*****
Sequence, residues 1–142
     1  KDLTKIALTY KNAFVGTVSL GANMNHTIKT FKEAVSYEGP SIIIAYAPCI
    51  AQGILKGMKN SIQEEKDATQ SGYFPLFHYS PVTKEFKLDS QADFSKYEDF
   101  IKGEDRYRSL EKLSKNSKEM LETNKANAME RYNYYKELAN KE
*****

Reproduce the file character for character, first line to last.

Sequence, residues 1–142
     1  KDLTKIALTY KNAFVGTVSL GANMNHTIKT FKEAVSYEGP SIIIAYAPCI
    51  AQGILKGMKN SIQEEKDATQ SGYFPLFHYS PVTKEFKLDS QADFSKYEDF
   101  IKGEDRYRSL EKLSKNSKEM LETNKANAME RYNYYKELAN KE